Here it is clear blue, peaceful and clear. It’s like millions of sheets of bright blue cellophane glistening over one another, endlessly overlapping in a continuous loop, floating away with a gust of wind as cellophane does, crackling under the gaze of the sun which is suspended beyond the Pyrenees - as perfectly as how a five year old would paint it, and under saturns watchful eye it lights this place all up, in the way that a projector in a cinema would light up its own world too. I’m on a tiny road circling down France, winding down to Catalonia but it could be eldolrado in this light, past endless flat french farming towns, the pale brick-plaster which builds the villages, roads aligned with white, leafless trees who look as though they have stood there for all of time, surveying this flat land framed by mountains, where the wine is squeezed from the grape and the bread rolled into shape. Do the French appreciate it? I have to admit the only thing I’m not enjoying about France are the French. But between all the grumpy, right-winged old tarts there is the occasional crystal-eyed girl, with hair loose, brown and long, with her hands free of the stench of tobacco and her mind free of the confines of her comforts.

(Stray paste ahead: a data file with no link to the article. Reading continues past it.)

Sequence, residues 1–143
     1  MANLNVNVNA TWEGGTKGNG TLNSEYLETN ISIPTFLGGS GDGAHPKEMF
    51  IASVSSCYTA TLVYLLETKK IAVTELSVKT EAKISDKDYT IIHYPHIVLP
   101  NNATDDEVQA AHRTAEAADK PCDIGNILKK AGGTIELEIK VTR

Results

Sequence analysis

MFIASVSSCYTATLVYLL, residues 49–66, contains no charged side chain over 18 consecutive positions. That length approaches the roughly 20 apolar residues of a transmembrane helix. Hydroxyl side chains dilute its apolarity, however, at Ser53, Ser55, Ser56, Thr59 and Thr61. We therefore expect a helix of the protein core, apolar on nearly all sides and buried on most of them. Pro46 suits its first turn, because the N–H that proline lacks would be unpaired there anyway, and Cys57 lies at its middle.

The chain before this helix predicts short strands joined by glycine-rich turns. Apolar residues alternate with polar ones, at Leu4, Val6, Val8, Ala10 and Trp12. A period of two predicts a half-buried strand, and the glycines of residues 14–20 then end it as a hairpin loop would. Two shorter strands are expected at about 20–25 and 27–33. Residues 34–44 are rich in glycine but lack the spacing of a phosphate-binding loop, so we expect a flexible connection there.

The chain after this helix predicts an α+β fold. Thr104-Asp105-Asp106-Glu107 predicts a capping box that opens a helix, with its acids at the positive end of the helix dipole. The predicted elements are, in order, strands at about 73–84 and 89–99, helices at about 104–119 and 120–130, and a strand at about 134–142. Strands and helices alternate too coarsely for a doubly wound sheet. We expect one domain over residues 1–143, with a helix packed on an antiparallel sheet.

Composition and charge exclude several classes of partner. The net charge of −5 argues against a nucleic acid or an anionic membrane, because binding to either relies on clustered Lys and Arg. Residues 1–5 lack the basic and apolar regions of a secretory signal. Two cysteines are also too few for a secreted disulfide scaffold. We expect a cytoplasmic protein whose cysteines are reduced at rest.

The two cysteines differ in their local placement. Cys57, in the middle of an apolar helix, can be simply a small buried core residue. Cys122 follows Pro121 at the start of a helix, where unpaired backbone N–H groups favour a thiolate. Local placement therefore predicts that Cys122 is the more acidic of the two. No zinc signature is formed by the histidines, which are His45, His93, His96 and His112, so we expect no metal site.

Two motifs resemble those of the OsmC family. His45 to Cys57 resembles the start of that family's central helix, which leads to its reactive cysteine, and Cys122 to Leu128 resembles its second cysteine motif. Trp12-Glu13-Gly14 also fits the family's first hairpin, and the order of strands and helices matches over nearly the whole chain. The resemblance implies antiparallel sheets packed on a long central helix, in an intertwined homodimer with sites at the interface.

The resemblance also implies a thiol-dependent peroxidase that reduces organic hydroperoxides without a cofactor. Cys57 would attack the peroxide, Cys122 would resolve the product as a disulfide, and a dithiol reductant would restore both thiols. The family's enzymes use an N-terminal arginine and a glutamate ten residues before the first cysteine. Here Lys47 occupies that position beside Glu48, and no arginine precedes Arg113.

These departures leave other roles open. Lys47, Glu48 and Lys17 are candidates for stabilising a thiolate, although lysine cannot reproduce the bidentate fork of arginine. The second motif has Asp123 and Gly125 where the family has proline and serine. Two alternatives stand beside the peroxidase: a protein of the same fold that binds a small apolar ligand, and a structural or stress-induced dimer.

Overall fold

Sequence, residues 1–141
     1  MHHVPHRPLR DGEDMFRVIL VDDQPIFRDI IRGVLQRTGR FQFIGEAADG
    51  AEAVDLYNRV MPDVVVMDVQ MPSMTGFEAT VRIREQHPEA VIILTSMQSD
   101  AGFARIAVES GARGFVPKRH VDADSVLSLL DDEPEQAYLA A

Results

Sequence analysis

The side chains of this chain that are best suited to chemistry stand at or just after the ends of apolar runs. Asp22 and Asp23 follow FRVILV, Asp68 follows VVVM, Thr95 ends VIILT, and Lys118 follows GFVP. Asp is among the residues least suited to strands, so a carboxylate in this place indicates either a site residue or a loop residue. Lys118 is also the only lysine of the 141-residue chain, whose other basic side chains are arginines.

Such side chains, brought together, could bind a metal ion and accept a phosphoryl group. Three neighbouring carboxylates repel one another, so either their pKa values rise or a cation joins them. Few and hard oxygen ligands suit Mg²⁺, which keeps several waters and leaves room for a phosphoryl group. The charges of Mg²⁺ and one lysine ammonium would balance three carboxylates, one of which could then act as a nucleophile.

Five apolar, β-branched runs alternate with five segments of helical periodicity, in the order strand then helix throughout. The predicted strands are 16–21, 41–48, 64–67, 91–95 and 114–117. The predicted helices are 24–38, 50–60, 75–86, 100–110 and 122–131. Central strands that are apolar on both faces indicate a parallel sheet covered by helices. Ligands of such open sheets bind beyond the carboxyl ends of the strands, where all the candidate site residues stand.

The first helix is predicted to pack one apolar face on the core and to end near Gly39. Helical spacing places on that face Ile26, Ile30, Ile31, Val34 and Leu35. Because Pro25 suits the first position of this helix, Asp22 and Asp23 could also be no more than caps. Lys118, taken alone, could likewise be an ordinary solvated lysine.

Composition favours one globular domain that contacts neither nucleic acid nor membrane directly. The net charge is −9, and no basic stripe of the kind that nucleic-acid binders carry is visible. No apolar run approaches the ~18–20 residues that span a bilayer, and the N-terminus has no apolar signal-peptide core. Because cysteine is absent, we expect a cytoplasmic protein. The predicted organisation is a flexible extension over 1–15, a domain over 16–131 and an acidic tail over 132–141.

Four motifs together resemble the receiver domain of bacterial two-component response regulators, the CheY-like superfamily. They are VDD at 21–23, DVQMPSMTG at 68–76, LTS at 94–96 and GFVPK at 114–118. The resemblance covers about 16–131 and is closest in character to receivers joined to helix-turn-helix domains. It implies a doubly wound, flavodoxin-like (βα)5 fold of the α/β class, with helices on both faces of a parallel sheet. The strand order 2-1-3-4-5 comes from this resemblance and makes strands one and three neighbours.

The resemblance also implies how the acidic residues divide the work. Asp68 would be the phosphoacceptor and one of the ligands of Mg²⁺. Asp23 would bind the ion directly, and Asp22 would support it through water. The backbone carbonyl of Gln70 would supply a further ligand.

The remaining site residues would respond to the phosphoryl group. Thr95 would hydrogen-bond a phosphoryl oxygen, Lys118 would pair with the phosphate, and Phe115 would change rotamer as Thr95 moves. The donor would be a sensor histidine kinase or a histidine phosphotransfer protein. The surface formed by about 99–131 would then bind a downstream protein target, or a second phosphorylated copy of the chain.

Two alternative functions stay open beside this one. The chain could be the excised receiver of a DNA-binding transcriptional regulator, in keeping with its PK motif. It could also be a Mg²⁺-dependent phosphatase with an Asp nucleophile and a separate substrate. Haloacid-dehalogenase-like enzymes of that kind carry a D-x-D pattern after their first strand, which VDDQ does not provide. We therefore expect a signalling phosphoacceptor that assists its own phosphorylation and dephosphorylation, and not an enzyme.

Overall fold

The sea is distant now, I’m sure that at some point on this trip we will both wind past each other again. In a few weeks I’ll do what I haven’t done for four years and sink into your endless blue abyss, sinking deeper and deeper until you fill up my tanks, and I’ll feel the beauty of fresh air again.
Next stop Barcelona. The mountains have started to surround us and engulf us. Man is scarce in this empty chasm of trees. The bus went on through the French border but the light had gone, it’s dark. The blonde haired girl adjacent to my seat, turned and stared across for a moment. It was dark and I just couldn’t see, but something right there lit a fire in me. before she turned away again, i was sure she had blue eyes like cellophane
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